The Big Conversation
As the Boy Scouts of America prepared to reconsider its ban on gay membership, a slew of Texas officeholders jumped into the debate on Tuesday.
Days after Gov. Rick Perry publicly urged the organization to keep its policy refusing gay members and leaders, more than 40 Republican state officials did the same, signing on to an open letter released yesterday by Jonathan Saenz, president of the conservative group Texas Values.
"As state elected officials, we strongly encourage the Boy Scouts of America to stick with their decades of support for family values and moral principles," the letter reads. "Capitulating to the liberal social agenda not only undermines the very principles of scouting, but sets the stage for the erosion of an organization that has defined the American experience for generations of young men."
The list of officials included Land Commissioner Jerry Patterson, Agriculture Commissioner Todd Staples, U.S. Rep. Kenny Marchant of Bonham, state Sen. Dan Patrick of Houston and several other state lawmakers.
The Boy Scouts, an Irving-based organization, announced last week that it would take up the ban at a meeting of its national board this week, possibly allowing local chapters to set their own policies. A vote on the matter is expected today.
As The Dallas Morning News reports, the head of the Congressional Scouting Caucus, U.S. Rep. Pete Sessions, wouldn't say whether he thought the policy should be revised.
"Any organization should re-evaluate and look at positions they take and how they’re looked at in the marketplace," said Sessions, a Dallas Republican. "The Boy Scouts, in particular, are having a realistic discussion among themselves, and this is healthy and this is good."
The Scouts' reconsideration of its policies has ignited a national debate, even drawing the attention of President Barack Obama, who recently urged the organization to drop the ban, saying, "Gays and lesbians should have access and opportunity the same way everybody else does, in every institution and walk of life."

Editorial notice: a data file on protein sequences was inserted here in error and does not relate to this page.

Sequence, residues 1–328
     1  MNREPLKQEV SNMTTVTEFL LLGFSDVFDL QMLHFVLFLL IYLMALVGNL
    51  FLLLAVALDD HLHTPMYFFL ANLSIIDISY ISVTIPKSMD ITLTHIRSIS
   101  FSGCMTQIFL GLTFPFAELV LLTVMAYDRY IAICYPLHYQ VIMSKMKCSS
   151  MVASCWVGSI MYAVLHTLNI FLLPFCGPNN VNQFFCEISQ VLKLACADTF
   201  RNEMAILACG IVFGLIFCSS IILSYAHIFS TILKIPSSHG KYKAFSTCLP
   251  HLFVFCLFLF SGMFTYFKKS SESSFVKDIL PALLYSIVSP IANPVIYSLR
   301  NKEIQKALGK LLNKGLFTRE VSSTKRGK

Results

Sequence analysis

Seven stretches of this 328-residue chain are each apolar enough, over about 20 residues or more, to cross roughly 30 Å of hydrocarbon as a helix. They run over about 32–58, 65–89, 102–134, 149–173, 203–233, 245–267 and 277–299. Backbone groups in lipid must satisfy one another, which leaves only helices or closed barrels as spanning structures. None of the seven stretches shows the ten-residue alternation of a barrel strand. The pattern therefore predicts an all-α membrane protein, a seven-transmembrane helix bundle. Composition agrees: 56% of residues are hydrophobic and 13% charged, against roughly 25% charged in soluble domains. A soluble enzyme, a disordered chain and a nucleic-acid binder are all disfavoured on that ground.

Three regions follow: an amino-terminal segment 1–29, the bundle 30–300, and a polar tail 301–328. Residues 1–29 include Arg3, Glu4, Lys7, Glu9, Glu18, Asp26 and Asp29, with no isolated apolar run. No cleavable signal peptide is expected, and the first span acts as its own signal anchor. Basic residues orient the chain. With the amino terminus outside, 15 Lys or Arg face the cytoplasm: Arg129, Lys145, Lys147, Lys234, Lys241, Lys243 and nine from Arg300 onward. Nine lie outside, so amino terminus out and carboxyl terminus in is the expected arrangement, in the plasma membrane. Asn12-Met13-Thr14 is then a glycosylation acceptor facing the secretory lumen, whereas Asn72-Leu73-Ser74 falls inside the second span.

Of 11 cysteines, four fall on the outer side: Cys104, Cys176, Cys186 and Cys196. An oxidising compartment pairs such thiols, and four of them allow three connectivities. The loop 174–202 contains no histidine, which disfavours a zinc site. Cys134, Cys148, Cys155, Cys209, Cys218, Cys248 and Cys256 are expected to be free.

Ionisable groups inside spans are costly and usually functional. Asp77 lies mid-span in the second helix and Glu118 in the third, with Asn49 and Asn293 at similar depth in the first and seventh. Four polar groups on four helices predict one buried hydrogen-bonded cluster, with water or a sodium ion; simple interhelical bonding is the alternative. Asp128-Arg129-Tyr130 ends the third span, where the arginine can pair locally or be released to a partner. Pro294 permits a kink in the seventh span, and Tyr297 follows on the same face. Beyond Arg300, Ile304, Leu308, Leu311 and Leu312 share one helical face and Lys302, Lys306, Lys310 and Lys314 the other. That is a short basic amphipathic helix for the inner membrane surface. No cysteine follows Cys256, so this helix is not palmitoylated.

Compiled from Tribune reports
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• House G.O.P. Open to Residency for Illegal Immigrants (The New York Times): "House Republicans on Tuesday staked out what they cast as a middle-ground option in the debate over immigration, pushing an approach that could include legal residency but not a path to citizenship — as their Democratic counterparts favor — for the 11 million illegal immigrants already in the country. … It was a question later echoed by Representative Lamar Smith, Republican of Texas and the former chairman of the committee, when questioning Mayor Julián Castro of San Antonio. 'Do you see any compromise area between the current status quo and a path to citizenship for virtually all the 11 million who are illegal immigrants in the country today?' he asked. Mr. Castro, whose twin brother, Representative Joaquín Castro, is a newly elected Democrat from Texas, said he saw the compromise as 'a recognition that a path to citizenship will be earned citizenship,' meaning that illegal immigrants would be forced to learn English, and pay fines and back taxes before they could become citizens."
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• Pension benefits for ex-lawmakers remain secret (Austin American-Statesman): "Texas taxpayers cannot find out the total amount of state pension benefits being paid to retired lawmakers who now work as lobbyists, an Austin judge said Tuesday morning. Ruling in a lawsuit filed by the government watchdog group Texans for Public Justice, state District Judge Lora Livingston said that even the grand total of pension benefits paid to the 103 former lawmakers now registered as lobbyists is confidential because the Legislature has made it so."
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